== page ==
Broadband speeds throughout the world are increasing, but no country yet offers average connections of at least 25 Mbps -- the Federal Communications Commission's new definition of "broadband."
That's according to Akamai's third-quarter state of the Internet report, released this week. The average connection speed in the U.S. increased in the third quarter to 12.6 Mbps, according to the report. Last year at the same time, average U.S. broadband connections were around 11.5 Mbps.
Overall, Web speeds increased year-over-year in all areas of the country except Connecticut and the state of Washington. Residents of the District of Columbia saw the fastest average connections (19.5 Mbps). Other states in the top five were Delaware (18.5 Mbps), Utah (16.2 Mbps), Massachusetts (16.2 Mbps) and Rhode Island (15.7 Mbps).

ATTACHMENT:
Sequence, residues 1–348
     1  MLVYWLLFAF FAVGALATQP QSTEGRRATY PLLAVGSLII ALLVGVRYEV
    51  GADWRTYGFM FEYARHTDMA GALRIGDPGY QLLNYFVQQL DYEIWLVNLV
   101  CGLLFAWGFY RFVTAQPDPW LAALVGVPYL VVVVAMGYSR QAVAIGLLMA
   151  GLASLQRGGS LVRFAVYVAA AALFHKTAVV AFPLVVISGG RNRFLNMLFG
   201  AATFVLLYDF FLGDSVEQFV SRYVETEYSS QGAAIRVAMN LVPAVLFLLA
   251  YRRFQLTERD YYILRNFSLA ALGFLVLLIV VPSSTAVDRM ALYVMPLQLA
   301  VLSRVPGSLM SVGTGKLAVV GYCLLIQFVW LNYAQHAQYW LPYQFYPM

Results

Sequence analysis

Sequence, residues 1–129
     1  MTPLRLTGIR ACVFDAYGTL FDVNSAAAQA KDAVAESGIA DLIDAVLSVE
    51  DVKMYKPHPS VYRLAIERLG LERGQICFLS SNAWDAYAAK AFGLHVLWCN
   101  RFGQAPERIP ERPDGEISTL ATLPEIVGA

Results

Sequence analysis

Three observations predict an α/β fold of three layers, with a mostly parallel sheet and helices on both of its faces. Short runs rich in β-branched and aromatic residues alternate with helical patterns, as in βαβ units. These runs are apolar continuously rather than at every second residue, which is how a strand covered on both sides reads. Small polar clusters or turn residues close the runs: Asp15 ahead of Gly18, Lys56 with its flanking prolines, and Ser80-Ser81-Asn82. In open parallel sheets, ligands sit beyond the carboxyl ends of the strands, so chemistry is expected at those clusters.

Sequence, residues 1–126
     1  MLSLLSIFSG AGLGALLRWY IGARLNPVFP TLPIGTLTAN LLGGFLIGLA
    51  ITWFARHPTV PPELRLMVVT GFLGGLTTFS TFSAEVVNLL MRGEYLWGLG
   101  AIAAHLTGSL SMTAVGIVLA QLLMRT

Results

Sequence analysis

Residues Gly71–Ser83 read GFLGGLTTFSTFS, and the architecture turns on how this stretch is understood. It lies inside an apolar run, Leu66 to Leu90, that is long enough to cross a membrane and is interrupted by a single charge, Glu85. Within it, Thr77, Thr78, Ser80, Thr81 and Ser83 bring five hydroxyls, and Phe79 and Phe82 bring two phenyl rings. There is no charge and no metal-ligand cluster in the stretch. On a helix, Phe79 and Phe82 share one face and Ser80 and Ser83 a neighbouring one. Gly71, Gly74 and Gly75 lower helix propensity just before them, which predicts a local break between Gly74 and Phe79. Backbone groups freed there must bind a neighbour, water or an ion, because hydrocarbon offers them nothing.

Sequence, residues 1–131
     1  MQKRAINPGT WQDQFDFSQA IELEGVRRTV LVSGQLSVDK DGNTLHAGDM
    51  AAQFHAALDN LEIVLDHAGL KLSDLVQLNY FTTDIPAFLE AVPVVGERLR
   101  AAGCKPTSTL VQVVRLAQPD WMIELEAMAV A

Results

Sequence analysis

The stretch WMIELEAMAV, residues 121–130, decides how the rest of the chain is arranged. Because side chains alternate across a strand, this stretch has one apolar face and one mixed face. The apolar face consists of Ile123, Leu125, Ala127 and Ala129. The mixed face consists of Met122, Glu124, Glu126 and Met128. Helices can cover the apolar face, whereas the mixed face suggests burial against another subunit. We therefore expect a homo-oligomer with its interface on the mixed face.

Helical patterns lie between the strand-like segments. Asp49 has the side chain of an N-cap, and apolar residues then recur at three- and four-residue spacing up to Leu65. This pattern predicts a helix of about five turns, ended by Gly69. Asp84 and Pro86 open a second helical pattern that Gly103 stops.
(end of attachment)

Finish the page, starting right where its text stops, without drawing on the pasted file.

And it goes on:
Akamai also reported that 24% of the country now has Web connections of at least 15 Mbps, while 46% have Web connections of at least 10 Mbps and 80% connects at speeds of at least 4 Mbps (the FCC's former definition of broadband).
While those figures reflect an improvement, broadband speeds in the U.S. still lag significantly behind several other countries. Residents of Singapore surf the Web at average speeds of 20.5 Mbps -- the fastest in the world. Rounding out the top five are Sweden (17.4 Mbps), Norway (16.4 Mbps), Switzerland (16.2 Mbps) and Hong Kong (15.8 Mbps).
Worldwide, only around 5% of Web-surfers have connections of at least 25 Mbps.